C# Tip: do NOT use nameof to give constants a value

As per Microsoft's definition,

A nameof expression produces the name of a variable, type, or member as the string constant.

This means that you can have, for example

void Main()

public void PrintItems(string items)

that will print "items", and not "hello": this is because we are printing the name of the variable, items, and not its runtime value.

A real example I saw in my career

In some of the projects I've worked on during these years, I saw an odd approach that I highly recommend NOT to use: populate constants with the name of the constant itself:

const string User_Table = nameof(User_Table);

and then use the constant name to access stuff on external, independent systems, such as API endpoints or Databases:

const string User_Table = nameof(User_Table);

var users = db.GetAllFromTable(User_Table);

The reasons behind this, in my teammates opinion, are that:

  1. It's easier to write
  2. It's more performant: we're using constants that are filled at compile time, not at runtime
  3. You can just rename the constant if you need to access a new database table.

I do not agree with them: expecially the third point is pretty problematic.

Why this approach should not be used

We are binding the data access to the name of a constant, and not to its value.

We could end up in big trouble because if, from one day to the next, the system might not be able to reach the User table because the name does not exist.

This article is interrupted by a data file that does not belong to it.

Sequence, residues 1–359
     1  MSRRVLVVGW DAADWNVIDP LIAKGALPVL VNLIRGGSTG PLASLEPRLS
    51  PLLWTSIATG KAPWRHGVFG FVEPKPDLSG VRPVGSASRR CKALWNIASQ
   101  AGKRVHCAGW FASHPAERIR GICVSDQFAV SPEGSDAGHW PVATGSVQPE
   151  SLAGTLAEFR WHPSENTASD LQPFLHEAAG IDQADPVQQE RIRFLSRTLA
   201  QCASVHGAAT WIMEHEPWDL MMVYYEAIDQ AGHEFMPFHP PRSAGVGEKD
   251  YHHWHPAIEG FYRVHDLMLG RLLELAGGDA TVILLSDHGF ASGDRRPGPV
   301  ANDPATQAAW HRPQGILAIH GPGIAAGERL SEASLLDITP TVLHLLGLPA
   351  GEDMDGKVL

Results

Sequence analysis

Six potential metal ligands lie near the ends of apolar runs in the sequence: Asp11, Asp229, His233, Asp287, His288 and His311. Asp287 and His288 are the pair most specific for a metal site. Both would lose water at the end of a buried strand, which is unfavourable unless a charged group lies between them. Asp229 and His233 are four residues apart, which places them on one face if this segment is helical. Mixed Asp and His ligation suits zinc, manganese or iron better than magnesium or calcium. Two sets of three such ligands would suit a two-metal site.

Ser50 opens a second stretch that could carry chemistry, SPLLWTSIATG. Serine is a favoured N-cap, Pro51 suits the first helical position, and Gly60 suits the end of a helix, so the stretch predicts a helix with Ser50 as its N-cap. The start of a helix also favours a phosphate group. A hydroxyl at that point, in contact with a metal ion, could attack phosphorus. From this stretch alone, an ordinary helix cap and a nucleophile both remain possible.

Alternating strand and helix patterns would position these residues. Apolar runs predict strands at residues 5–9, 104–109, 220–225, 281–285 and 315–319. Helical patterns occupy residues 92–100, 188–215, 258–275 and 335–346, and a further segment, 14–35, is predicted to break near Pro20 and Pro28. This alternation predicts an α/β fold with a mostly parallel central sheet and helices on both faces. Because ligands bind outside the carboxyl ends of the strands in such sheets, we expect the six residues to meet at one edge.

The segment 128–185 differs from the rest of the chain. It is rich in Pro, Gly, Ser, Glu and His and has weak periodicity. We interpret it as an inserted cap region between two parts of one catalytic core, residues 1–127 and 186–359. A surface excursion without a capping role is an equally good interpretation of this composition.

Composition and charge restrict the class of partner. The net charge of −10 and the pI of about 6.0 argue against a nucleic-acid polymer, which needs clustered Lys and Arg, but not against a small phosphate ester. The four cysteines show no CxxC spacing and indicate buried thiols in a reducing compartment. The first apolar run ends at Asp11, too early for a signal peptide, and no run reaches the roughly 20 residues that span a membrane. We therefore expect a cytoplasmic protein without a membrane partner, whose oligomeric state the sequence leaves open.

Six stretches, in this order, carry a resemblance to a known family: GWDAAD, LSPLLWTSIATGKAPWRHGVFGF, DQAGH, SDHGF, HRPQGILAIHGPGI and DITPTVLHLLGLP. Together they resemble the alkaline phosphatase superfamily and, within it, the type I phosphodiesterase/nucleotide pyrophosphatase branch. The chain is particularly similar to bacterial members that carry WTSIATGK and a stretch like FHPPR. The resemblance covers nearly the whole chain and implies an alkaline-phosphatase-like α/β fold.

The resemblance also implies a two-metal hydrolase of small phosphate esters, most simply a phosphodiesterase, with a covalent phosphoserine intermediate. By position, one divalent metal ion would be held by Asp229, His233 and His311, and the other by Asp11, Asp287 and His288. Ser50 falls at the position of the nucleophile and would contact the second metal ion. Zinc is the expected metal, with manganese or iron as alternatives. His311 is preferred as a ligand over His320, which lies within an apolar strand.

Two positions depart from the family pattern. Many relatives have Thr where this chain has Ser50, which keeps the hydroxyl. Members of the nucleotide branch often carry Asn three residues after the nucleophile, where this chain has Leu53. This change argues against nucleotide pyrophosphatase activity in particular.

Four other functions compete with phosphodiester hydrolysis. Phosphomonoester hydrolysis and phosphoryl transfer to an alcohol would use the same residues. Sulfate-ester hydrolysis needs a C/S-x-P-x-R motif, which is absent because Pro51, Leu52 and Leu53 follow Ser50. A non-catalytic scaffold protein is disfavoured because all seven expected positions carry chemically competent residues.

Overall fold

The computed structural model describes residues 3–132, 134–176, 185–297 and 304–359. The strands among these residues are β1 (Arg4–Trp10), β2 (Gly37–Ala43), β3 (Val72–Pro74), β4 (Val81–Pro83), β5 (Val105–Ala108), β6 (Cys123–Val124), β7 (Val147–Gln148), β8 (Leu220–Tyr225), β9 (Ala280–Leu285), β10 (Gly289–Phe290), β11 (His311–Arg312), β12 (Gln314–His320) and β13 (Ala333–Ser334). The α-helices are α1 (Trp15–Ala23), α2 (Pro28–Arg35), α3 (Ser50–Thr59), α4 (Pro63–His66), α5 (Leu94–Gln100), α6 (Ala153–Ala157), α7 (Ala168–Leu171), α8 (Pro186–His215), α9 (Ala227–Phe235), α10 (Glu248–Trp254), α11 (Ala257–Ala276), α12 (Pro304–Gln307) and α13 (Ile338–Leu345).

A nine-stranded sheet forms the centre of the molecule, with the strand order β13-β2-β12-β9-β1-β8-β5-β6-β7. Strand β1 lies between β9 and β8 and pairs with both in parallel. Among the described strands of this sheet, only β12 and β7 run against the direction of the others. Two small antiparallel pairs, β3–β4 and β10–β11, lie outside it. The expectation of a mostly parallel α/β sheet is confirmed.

How is it possible? It's a constant, it can't change! No: it's a constant whose value changes if the contant name changes.

It can change for several reasons:

  1. A developer, by mistake, renames the constant. For example, from User_Table to Users_Table.
  2. An automatic tool (like a Linter) with wrong configurations updates the constants' names: from User_Table to USER_TABLE.
  3. New team styleguides are followed blindly: if the new rule is that "constants must not contain hyphens" and you apply it everywhere, you'll end in trouble.

To me, those are valid reasons not to use nameof to give a value to a constant.

How to overcome it

If this approach is present in your codebase and it's too time-consuming to update it everywhere, not everything is lost.

You must absolutely do just one thing to prevent all the issues I listed above: add tests, and test on the actual value.

If you're using Moq, for instance, you should test the database access we saw before as:

// initialize and run the method

// test for the Table name
_mockDb.Verify(db => db.GetAllFromTable("User_Table"));

Notice that here you must test against the actual name of the table: if you write something like

_mockDb.Verify(db => db.GetAllFromTable(It.IsAny<string>()));


_mockDb.Verify(db => db.GetAllFromTable(DbAccessClass.User_Table));
//say that DbAccessClass is the name of the class the uses the data access showed above

the whole test becomes pointless.

Further readings

This article lies in the middle of my C# tips 🔗 and my Clean Code tips 🔗.

This article first appeared on Code4IT 🐧

Wrapping up

In this article, we've learned that you could value a constant with its own name, using nameof, but also that you shouldn't.

Have you ever seen this approach? In your opinion, what are some other benefits and disadvantages of it? Drop a comment below! 📩

I hope you enjoyed this article! Let's keep in touch on Twitter or on LinkedIn, if you want! 🤜🤛

Happy coding!



Ciao! I'm Davide Bellone, a .NET software developer and Microsoft MVP Let's keep in touch on Twitter or on LinkedIn